Workers in industrial zones face dual challenges amid pandemic

16:18 | 30/12/2020
Workers, especially in industrial zones, are encountering dual challenges amid the COVID-19 pandemic: keeping their job in uncertain times while continuing to demand that their rights and entitlements remain protected, the deputy head of Cooperation at the EU Delegation to Vietnam said.
workers in industrial zones face dual challenges amid pandemic
Speakers discuss working conditions at industrial zones in Vietnam at the seminar held in HCM City. (Photo: VNA)
HCM City (VNS/VNA) - Workers, especially in industrial zones, are encountering dual challenges amid the COVID-19 pandemic: keeping their job in uncertain times while continuing to demand that their rights and entitlements remain protected, the deputy head of Cooperation at the EU Delegation to Vietnam said.

Speaking at a recent seminar on working conditions of workers in IZs in HCM City, Jesús Lavina noted that evidence-based research showed that the pandemic threatened to exacerbate the working and living conditions of workers in many parts of the world.

In Vietnam, 31.8 million people were seriously affected by the pandemic in the first nine months, including those who lost jobs, or had working hours cut or income reduced.

The service sector was the worst hit by the pandemic, with nearly 70 percent of its workers affected, followed by the industrial and construction sectors with 66.4 percent of its workers affected, according to Lavina.

Worldwide, working hour losses in the final quarter are expected to reach 8.6 percent, or 245 million full-time equivalent jobs. The high working-hour losses have translated into substantial losses in labour income, at a global decline of 10.7 percent during the first nine months compared to the same period last year.

Prof Dr Nguyen An Ha, coordinator of the Empowering Civil Society and Workers, said due to the impact of the pandemic, working conditions at industrial parks had become even more difficult.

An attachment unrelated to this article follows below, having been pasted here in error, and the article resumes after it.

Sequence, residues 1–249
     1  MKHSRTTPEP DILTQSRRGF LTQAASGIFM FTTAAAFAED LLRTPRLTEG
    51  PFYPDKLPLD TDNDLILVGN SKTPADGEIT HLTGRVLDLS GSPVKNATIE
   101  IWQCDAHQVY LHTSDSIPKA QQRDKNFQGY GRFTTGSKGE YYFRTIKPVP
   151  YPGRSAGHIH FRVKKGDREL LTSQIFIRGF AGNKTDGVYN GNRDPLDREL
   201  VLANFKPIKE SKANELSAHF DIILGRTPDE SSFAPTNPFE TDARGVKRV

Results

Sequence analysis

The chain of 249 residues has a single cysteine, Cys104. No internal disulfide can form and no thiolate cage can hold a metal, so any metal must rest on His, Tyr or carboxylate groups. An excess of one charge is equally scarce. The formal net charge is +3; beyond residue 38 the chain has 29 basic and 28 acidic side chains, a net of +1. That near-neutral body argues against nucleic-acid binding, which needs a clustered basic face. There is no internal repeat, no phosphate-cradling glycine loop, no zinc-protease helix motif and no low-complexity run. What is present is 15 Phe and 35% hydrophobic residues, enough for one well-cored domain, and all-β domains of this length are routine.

According to the research results of the project, workers in the garment and electronics industries are still facing difficulties in their jobs and lives.

“Workers still rely heavily on working overtime to improve their incomes, while savings are very low despite the much raised minimum wages in recent years. Most workers are migrants and it is just too unaffordable to buy a house in cities where they work,” Ha said.

Married workers face even more obstacles, as most of the workers have no choice but to send their children to their hometowns for care by relatives or others.

According to Lavina, the EU views the EVFTA as the most ambitious free trade deal the EU has ever concluded with a developing country. The trade pact could bring 15 billion EUR (18.4 billion USD) worth of additional exports annually to the EU by 2035.

EVFTA is not just about boosting trade and investment. It also includes legally binding rules on climate, labour protection and human rights, among others.

It includes commitments to implement International Labour Organisation (ILO) core conventions. “Vietnam has made some progress on the commitments. It has ratified seven out of eight ILO core conventions,” he said.

The conventions, which advance social justice and promote decent working conditions, cover freedom of association, collective bargaining, equality of opportunity and treatment, tripartite consultation, labour administration, labour inspection, employment policy and vocational guidance and training.

Vietnam’s new Labour Code (which will take effect in January 2021) will for the first time provide rights to employees in enterprises to set up or join a labour representative organisation, according to Lavina.

The new law will also extend legal protection for employees who do not have a written employment contract, as well as give clear definition of sexual harrassment in the workplace.

“The amended code offers greater protection for employees and is viewed as better aligned with international best practices,” he said.

The conference organised by the Institute for European Studies was held within the framework of the Empowering Civil Society and Workers project.

The project, from 2017 to 2021, is a follow-up action after two previous labour-related projects funded by the European Union, including Empowerment of Workers and Trade Unions in Vietnam (2009-2011) and Strengthening Workers’ Rights and Representation (2012-2015).

The project is conducted in three key economic regions (with a focus on industrial zones in Hanoi, Da Nang and HCM City and surrounding provinces).

VNA

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